Where I (Hypocritically) Violate Shakespearean Advice to Talk About a 2-Panel Gag Comic

Hubris – We Learn by Doing
Art and Writing by Greg Cravens
Self-Published

hubris-12-11-13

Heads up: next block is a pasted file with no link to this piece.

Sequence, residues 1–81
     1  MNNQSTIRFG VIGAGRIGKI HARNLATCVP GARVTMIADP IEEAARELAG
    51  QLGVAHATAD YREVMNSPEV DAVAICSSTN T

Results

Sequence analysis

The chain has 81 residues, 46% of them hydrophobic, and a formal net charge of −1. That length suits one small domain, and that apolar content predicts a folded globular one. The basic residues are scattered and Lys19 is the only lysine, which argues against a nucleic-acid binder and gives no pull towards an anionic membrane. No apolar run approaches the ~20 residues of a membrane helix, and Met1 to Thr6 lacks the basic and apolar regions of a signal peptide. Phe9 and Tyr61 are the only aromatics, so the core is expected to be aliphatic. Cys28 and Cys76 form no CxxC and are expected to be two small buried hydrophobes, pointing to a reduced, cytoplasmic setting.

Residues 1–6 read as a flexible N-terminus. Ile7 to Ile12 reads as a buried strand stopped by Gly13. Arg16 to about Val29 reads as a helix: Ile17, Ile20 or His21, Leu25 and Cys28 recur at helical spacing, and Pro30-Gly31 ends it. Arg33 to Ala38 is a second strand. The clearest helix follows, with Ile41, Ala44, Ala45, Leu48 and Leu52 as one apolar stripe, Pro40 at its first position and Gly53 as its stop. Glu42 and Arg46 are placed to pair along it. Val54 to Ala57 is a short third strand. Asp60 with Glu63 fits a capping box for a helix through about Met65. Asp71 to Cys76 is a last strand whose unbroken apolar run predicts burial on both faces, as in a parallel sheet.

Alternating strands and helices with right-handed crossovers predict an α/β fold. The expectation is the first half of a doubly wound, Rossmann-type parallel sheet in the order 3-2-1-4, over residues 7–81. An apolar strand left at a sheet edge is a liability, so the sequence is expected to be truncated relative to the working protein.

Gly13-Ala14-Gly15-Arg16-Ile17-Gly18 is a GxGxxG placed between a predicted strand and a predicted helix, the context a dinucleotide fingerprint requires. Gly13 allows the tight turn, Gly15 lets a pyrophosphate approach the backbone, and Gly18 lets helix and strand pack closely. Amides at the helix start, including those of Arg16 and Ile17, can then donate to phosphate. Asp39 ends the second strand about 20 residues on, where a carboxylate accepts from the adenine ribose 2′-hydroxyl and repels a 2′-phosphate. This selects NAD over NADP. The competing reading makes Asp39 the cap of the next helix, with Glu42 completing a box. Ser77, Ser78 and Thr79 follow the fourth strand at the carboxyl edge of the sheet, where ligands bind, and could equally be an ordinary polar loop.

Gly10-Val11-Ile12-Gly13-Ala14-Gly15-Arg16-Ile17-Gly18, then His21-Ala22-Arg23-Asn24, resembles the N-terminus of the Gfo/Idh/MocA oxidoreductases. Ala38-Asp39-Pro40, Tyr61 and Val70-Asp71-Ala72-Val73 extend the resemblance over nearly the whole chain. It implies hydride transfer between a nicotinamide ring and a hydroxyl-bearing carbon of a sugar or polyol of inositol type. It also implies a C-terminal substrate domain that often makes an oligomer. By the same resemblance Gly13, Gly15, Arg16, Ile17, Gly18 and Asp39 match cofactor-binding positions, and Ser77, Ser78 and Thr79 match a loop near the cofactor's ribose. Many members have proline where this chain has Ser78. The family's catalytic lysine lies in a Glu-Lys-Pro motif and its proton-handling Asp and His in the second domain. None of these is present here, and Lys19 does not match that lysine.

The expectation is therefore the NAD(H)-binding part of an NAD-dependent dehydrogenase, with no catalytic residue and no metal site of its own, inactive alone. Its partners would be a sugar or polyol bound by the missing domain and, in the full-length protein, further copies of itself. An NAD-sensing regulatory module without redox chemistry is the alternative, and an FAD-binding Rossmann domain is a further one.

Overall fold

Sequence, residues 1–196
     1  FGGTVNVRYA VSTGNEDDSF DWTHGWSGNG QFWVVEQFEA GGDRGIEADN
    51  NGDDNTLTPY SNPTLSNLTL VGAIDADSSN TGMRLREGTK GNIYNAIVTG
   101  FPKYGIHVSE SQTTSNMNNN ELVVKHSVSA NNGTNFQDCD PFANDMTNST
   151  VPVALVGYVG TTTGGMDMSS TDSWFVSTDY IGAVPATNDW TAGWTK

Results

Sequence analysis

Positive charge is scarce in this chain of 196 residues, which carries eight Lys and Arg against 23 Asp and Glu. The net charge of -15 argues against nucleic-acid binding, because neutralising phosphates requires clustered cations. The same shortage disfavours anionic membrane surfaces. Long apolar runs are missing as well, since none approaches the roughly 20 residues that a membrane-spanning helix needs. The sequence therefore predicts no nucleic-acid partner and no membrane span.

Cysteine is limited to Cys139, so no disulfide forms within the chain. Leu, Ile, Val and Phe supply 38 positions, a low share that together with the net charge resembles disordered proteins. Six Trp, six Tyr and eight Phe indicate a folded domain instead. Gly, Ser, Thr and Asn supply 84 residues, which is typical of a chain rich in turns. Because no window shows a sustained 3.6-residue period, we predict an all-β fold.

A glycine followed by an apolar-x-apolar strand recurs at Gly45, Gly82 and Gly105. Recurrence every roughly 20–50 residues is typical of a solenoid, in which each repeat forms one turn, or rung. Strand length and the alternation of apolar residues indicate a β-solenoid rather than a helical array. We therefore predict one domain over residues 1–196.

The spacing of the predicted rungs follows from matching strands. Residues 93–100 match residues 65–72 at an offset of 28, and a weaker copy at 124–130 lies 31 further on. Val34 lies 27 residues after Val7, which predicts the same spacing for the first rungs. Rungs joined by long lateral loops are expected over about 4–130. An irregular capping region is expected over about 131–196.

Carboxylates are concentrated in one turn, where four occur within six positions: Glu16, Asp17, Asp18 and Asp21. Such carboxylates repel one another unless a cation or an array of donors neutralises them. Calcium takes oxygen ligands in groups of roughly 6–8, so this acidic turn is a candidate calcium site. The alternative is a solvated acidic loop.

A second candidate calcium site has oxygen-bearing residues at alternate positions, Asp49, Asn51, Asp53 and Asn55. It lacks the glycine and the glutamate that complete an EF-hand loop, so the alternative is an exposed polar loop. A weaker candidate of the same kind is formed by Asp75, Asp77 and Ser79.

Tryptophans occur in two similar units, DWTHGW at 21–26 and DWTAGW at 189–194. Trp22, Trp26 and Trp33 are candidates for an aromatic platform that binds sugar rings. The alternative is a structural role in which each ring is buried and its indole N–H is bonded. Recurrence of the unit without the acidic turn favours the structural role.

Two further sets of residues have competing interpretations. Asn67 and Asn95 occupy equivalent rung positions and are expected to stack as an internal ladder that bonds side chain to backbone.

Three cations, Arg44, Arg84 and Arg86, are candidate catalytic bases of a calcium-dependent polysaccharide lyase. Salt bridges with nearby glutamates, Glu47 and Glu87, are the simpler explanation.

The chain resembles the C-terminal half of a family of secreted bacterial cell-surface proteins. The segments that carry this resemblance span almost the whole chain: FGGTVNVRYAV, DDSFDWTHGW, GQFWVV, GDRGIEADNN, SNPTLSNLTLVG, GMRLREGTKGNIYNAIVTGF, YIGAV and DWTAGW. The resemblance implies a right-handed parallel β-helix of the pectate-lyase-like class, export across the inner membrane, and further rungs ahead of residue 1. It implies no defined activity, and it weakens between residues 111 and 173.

The gag strip isn’t a particularly ambitious form, nor is it one which is often done with much skill. This was true even before the advent of webcomics, most of which follow the Penny Arcade model of pretending Shakespeare never wrote “brevity is the soul of wit,” piling on word balloons over images of people sitting around having the most inane topics of discussion until even a few measly panels become as torturous to read as any random issue of Geoff Johns’ Green Lantern. I’d be hard-pressed to make the case Hubris is a pinnacle of webcomics or gag strips, or that Greg Cravens is a master draftsman, but right here’s a fine example of Doing It Right. Images which convey actual narrative, dialogue which gives context rather than content, and a bullshit-free setup/punchline format. Smart enough to elicit a chuckle, easy to follow along with (if the comments section is to be believed, it even has proper foreshadowing based around the skateboard the dude is holding and the helmet the park ranger is wearing). If the gag–practically a PSA for proper skateboarding technique–is more Bob Montana than Bill Watterson, that’s okay: its competition may as well be Family Circus.

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